Design with Digital Technology: 3D Printing Opens New Possibilities in China

3D printing (as known as three-dimensional printing) is a type of rapid prototyping technology. It is a technology that uses powdered metal or plastic and other bondable materials to construct objects by printing layer by layer based on digital model files.

Perceiving Chinese Architecture From the Eyes of Structural Engineers

When we are discussing the definition of “structure”, the term varies within different disciplines. In the context of the built environment, "structure" refers to anything that is constructed or built from different interrelated parts with a fixed location on the ground.

The Contemporary Transformation of Traditional Chinese Architecture

The American architect, designer, and futurist Buckminster Fuller once defined the Dymaxion principle as “constructing ever more with ever less weight, time, and ergs per each given level of functional performance.”

Shanghai Binjiang Avenue: Revitalizing the Historic Riverfront with a Human Centered Design Approach

Fred Kent, the founder of the nonprofit organization Project for Public Spaces, once stated that “If you plan cities for cars and traffic, you get cars and traffic. If you plan for people and places, you get people and places." It may sound obvious, nevertheless, our cities today are indeed undergoing a rapid transformation from a car-oriented society to a pedestrian-friendly community.

Healing Architecture in China: Through a Sensorial and Spatial Experience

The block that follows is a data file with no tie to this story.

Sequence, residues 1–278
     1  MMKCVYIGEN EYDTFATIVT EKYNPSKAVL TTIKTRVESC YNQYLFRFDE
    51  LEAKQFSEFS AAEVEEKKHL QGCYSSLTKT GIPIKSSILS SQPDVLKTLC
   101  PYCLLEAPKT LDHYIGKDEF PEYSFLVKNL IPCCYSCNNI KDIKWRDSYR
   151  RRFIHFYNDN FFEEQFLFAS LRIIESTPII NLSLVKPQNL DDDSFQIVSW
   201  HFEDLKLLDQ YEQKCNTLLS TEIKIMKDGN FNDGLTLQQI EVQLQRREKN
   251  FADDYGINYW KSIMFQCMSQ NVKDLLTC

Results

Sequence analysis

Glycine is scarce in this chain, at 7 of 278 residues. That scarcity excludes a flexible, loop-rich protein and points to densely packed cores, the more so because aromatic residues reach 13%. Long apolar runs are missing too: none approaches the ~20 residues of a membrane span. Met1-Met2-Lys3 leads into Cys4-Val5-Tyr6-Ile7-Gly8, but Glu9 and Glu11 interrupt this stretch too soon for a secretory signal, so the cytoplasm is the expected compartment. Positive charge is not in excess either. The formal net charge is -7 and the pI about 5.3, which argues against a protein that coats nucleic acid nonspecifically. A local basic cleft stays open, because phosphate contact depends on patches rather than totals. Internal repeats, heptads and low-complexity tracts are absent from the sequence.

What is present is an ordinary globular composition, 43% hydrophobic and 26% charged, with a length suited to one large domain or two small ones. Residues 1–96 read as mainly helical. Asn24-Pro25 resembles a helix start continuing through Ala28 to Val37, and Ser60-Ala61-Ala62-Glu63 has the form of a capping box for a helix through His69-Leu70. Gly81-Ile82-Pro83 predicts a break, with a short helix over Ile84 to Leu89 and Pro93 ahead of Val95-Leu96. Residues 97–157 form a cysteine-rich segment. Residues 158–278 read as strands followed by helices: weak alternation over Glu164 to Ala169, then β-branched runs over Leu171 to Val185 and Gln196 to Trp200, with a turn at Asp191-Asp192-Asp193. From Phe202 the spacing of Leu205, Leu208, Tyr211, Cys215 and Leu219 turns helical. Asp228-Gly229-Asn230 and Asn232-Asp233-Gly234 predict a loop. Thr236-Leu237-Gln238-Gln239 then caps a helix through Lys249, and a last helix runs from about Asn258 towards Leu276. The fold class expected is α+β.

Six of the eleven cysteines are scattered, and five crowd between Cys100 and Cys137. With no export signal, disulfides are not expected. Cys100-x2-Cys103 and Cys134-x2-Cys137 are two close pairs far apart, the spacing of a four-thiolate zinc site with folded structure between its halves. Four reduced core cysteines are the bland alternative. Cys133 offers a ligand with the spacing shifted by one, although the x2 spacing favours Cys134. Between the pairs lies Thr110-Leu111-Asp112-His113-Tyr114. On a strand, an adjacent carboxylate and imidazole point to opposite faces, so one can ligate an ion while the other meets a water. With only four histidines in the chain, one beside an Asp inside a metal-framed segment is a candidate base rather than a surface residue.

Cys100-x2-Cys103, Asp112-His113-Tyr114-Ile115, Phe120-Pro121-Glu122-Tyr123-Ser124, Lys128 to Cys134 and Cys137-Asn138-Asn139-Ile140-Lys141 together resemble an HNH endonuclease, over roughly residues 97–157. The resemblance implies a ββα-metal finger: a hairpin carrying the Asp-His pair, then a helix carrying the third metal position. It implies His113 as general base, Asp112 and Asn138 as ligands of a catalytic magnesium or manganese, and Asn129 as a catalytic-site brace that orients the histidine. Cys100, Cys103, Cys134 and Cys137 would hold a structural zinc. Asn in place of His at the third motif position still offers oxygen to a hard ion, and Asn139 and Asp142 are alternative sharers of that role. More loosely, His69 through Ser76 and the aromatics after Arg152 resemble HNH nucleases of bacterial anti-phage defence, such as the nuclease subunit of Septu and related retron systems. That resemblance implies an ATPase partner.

What elements and qualities does space need for a well-balanced physical and spiritual recovery? How to design spaces that are healthy for both our minds and our bodies? What makes an environment livable and sustainable in the long term?

These are the questions we need to address in the era of the rapidly developing real estate market. Why do we tend to inhabit more and more high-density residential towers? Are we necessarily more mentally secure? If not, what are the spatial solutions or cures for the current urbanites’ anxiety? In this article, we will explore ways of unwinding and finding cures in space.

ArchDaily China's 2021 Building of the Year Awards are Now Open for Nominations

As we successfully launched our 12th Building of the Year Awards earlier this year, we want to thank you for being part of our community for over 10 years. Together we have been growing and contributing to the architectural scene, aiming for a better world.

Now, we are proud to announce the 5th edition of The ArchDaily Building of the Year China, celebrating the best architecture in China, as chosen by you, the reader.